I'd like to hear about the experience of social workers who suffers from some degree of hearing loss. Is there any out there?
I do not have hearing loss but the PD Nurse at our clinic does. She has hearing aids and hears well on the phone but has some difficulty even w/ the hearing aids in center. Did you want me to ask her a question?
I have Meniere's Disease which causes hearing loss in the range of the human voice mostly. I was having a difficult time understanding what patients were saying during my assessments. I now wear hearing aids and it makes a huge difference. The great thing my audiologist did was suggest that I see if Arkansas Vocational Rehab could help with the expense as mine were about $5,000.00 and they did pay for 1/2 of the cost. So happy to be able to hear on the floor and in IDT meetings.
Fort Smith Regional Dialysis Center
Fort Smith, AR 72908
Dodie Stein who worked as an audiologist gave me this information to post.
One important aspect of having a hearing loss is to understand your audiogram and where you may be missing -- sounds/words. Another is to wear your hearing aids and make sure they are always in good repair. For better communication, let the patient know what you heard and repeat it so the patient (assuming normal hearing) can just repeat what you missed and not everything. The reverse is true for any social worker with good hearing who is working with a hard of hearing patient. I use my hearing aids on the phone-- some have telephone switches. Certainly, facing the patient to take advantage of speechreading skills is most important. But hard of hearing folks do these things naturally (watch faces).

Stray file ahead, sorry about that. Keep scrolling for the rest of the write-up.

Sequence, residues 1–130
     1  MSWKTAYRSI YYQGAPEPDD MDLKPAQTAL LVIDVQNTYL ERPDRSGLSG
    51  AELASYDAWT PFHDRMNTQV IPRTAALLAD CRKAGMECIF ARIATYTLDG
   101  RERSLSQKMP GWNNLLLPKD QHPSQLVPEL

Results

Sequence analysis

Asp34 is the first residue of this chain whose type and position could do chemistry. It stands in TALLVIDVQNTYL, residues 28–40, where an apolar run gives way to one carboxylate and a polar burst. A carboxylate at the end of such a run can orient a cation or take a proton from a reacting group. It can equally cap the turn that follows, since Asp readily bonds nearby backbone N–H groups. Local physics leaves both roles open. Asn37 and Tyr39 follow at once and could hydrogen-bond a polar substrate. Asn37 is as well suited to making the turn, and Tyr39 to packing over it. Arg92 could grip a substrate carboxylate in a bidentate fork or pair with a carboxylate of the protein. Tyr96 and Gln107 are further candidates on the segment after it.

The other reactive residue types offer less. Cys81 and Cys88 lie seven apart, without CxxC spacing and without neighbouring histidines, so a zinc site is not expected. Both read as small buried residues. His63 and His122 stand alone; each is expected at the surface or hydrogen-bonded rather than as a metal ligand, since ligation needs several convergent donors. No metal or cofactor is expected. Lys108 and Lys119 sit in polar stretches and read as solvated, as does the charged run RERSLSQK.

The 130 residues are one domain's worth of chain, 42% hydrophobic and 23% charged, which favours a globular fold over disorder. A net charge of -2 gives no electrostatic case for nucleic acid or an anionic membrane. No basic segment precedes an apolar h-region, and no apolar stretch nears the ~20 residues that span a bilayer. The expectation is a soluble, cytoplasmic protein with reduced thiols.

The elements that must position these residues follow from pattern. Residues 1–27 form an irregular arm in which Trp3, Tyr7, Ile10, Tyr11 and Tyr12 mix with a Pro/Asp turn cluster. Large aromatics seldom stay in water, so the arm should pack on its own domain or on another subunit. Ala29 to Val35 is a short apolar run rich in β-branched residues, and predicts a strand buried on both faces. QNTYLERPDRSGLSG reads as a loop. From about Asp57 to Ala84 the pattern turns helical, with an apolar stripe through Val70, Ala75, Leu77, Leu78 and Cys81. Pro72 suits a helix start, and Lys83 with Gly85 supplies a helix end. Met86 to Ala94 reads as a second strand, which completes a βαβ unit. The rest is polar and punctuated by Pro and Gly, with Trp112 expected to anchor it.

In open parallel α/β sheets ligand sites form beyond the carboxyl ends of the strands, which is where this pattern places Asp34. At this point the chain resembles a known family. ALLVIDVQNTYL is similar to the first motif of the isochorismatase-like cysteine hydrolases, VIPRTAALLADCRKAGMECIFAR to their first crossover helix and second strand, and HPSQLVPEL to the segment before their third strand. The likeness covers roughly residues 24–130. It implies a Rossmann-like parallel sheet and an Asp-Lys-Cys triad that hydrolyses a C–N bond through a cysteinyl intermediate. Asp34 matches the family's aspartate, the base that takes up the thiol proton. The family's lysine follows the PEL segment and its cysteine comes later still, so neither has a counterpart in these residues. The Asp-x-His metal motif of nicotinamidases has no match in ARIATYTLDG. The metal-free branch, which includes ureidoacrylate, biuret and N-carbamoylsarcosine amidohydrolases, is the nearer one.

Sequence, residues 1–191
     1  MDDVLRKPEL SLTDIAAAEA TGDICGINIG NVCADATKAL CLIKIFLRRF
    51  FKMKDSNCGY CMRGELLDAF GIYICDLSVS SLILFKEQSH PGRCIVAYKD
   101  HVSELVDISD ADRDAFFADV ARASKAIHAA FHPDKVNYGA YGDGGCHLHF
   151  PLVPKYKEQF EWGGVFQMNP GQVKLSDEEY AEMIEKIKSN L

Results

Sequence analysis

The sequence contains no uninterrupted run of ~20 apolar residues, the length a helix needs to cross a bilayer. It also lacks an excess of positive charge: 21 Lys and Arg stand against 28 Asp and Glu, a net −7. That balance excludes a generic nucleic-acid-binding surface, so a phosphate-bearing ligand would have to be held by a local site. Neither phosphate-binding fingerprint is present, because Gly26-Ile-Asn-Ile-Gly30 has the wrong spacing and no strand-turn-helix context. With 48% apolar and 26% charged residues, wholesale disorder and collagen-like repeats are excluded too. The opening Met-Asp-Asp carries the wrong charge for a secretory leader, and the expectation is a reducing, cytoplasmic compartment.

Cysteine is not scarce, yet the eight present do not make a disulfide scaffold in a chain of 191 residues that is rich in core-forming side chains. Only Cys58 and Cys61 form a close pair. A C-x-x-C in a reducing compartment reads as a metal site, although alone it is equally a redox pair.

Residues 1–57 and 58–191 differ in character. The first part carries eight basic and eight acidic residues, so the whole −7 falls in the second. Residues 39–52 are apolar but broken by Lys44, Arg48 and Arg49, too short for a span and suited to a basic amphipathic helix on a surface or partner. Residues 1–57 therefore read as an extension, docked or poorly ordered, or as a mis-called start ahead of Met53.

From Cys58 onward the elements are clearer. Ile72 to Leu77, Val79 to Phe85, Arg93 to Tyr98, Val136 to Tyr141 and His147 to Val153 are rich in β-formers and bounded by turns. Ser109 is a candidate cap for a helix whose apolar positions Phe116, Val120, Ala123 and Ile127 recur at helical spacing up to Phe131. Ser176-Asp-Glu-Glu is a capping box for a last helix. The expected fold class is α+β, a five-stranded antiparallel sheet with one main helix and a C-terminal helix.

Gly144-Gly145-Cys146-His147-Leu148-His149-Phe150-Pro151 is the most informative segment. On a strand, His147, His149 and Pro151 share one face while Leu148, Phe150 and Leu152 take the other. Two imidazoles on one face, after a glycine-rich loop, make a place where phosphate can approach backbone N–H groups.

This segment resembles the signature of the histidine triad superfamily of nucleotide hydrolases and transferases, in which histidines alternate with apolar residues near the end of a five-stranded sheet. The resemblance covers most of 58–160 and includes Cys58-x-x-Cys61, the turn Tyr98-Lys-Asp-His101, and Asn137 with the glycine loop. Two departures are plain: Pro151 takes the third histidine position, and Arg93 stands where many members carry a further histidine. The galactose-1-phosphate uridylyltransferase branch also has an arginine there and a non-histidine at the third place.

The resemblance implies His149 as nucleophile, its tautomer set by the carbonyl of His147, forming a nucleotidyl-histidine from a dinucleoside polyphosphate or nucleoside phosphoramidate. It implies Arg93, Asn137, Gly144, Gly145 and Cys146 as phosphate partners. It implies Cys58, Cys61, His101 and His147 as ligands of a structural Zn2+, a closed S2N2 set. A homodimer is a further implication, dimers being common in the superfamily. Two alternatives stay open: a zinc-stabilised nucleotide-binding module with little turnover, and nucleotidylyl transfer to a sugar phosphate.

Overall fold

Whether it's feasible to talk with patient chairside depends on severity of one's loss and how much the dialysis machines, alarms, etc. interfere with hearing. If so, working with a patient in a separate space is best, for both hearing and confidentiality. I find working by phone less efficient, effective, and more difficult and I avoid it, preferring to work with patients in person. It's harder for me as we see patients for clinic monthly, unless they come in for other nursing needs in between clinic visits. Then I have to juggle seeing the patient when the MD, RN, and RD see him/her as well. If I can set up a separate appointment on another date for a discussion that needs more time, I do that.
Dodie works at IU Health Home Dialysis, Indianapolis and is willing to talk with social workers who are hard of hearing and need ideas. Her work number is 317-963-6855.
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